Republic F-105D Thunderchief 60-0504 at the National Museum of the United States Air Force. (U.S. Air Force)

The maximum speed of the F-105D was 726 knots (835 miles per hour/1,345 kilometers per hour) at Sea Level (Mach 1.09) and 1,192 knots (1,372 miles per hour (2,208 kilometers per hour) at 36,089 feet (11,000 meters) (Mach 2.08). The combat ceiling was 51,000 feet (15,545 meters). The F-105D’s combat radius varied with the type of mission from 277 to 776 nautical miles (319–893 statute miles/513–1,437 kilometers). The maximum ferry range was 1,917 nautical miles (2,206 statute miles/3,550 kilometers).

The F-105D was armed with one 20 mm M61A1 Vulcan rotary cannon and 1,028 rounds of ammunition. It has an internal bomb bay and can carry bombs, missiles or fuel tanks on under wing and centerline hardpoints. The maximum bomb load consisted of 16 750-pound (340 kilogram) bombs. For tactical nuclear strikes, the F-105D could carry one B57 or three B61 nuclear bombs.

Two Air Force sergeants load belts of linked 20-millimeter cannon shells for the F-105’s M61 six-barreled Gatling gun. (U.S. Air Force)

The F-105 Thunderchief was a supersonic tactical fighter bomber rather than an air superiority fighter. Still, during the Vietnam War, F-105s shot down 27 enemy MiG fighters. 24 of those were shot down with the Thunderchief’s Vulcan cannon.

Of the 833 F-105s, 395 were lost during the Vietnam War. 334 were shot down, mostly by antiaircraft guns or missiles, and 17 by enemy fighters. Another 61 were lost due to accidents. The 40% combat loss is indicative of the extreme danger of the missions these airplanes were engaged in.

Republic F-105D Thunderchief at Takhli TRAFB. (U.S. Air Force)

© 2021, Bryan R. Swopes

26 March 1966

Allison Engine Co. test pilot Jack l. Schweibold with teh record-setting prototype Hughes YOH-6A, 62-4213, at Edwards Air Force Base, California, 1966. (FAI)
Allison Engine Co. test pilot Jack Schweibold with the record-setting number three prototype Hughes YOH-6A Light Observation Helicopter, 62-4213, at Edwards Air Force Base, California, 1966. (FAI)

26 March 1966: Allison Engine Company test pilot Jack Schweibold flew the third prototype Hughes Aircraft Company YOH-6A Light Observation Helicopter, 62-4213, to set three Fédération Aéronautique Internationale (FAI) World Records for Distance Over a Closed Circuit Without Landing of 2,800.20 kilometers (1,739.96 miles), including an Absolute Record for Class E (Rotorcraft).¹ Two of these records still stand.

Hughes YOH-6A 62-4213 at Edwards Air Force Base, 1966. (FAI)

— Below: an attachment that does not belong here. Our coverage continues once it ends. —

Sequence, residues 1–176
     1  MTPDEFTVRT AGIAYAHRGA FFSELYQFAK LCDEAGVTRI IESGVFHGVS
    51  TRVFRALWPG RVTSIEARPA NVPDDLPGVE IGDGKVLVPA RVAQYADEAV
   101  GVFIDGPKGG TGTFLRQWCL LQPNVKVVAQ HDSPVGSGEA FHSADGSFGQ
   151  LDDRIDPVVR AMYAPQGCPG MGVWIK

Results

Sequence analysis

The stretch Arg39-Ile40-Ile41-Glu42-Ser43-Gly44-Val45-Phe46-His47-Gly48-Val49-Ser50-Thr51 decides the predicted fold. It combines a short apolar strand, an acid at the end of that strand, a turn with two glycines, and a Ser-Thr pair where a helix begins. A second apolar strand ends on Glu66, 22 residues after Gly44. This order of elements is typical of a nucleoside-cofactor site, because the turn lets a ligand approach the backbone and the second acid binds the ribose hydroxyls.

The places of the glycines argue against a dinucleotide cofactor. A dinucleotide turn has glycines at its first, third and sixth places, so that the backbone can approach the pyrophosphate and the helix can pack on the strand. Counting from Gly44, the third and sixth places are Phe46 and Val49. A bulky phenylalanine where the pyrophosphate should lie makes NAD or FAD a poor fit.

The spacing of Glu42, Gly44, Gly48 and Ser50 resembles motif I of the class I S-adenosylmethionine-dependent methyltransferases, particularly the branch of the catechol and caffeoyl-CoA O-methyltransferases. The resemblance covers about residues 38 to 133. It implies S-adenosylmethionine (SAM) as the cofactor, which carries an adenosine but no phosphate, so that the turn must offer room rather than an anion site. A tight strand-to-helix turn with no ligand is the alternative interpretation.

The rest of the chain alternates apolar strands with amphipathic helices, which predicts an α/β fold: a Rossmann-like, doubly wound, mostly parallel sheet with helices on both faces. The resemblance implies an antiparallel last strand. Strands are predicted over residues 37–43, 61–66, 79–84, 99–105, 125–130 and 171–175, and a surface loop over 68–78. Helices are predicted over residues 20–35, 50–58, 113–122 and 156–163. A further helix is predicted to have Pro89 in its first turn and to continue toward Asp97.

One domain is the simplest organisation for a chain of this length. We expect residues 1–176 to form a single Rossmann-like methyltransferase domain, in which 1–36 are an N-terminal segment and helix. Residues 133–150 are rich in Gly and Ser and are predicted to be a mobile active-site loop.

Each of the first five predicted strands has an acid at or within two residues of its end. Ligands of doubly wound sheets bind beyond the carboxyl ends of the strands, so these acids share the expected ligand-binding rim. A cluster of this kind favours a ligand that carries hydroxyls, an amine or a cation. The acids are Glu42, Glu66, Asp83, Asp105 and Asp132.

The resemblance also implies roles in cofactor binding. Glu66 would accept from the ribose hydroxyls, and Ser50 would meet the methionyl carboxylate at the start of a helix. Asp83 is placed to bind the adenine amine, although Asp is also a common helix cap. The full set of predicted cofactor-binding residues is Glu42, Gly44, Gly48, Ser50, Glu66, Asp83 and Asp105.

Hughes YOH-6A 62-4213 at Edwards Air Force Base, 1966. (FAI)

One week earlier, 20 March 1966, Hughes Aircraft Company test pilot Jack L. Zimmerman flew the same helicopter to set another distance record of of 1,700.12 kilometers (1,056.41 miles).² One 27 March, Zimmerman would set six more world records with 62-4213.³

Jack Schweibold wrote about the record flight in his autobiography, In the Safety of His Wings (Holy Fire Publishing, DeLand, Florida, 2005). He was one of a group of military and civilian test pilots selected to attempt a series of world record flights at Edwards Air Force Base, in the high desert of southern California. From 20 March to 7 April 1966, they flew 62-4213 over a series of distances and altitudes.

Edwards Air Force Base, California, circa 1970. The runway complex is at top, center. (U.S. Department of Defense)

Jack Schweibold’s record attempt began at midnight to take advantage of the cold desert air. The cold-soaked YOH-6A had been fueled with pre-cooled JP-5 in order to get the maximum amount of fuel on board. In addition to the standard fuel tank, two auxiliary tanks were placed in the cabin. The helicopter was so heavy from the overload that it could not hover. Jack made a running take-off, sliding the skids across the concrete until the increasing translational lift allowed the aircraft to break free of the ground. He began a very shallow climb.

Schweibold was flying a 60 kilometer (37.28 miles) closed course, but because of the near total darkness, he flew on instruments and was guided from the ground by Air Force test range radar controllers (Spatial Positioning and Orientation Radar Tracking, call sign SPORT). Accuracy was critical. The attempt would be disqualified if the helicopter cut inside of a pylon—which Jack could not see—but if he flew too far outside, the extra distance flown would not be counted and time would be lost. The maximum range would be controlled by the amount of fuel carried in the three tanks, and by the endurance of the pilot.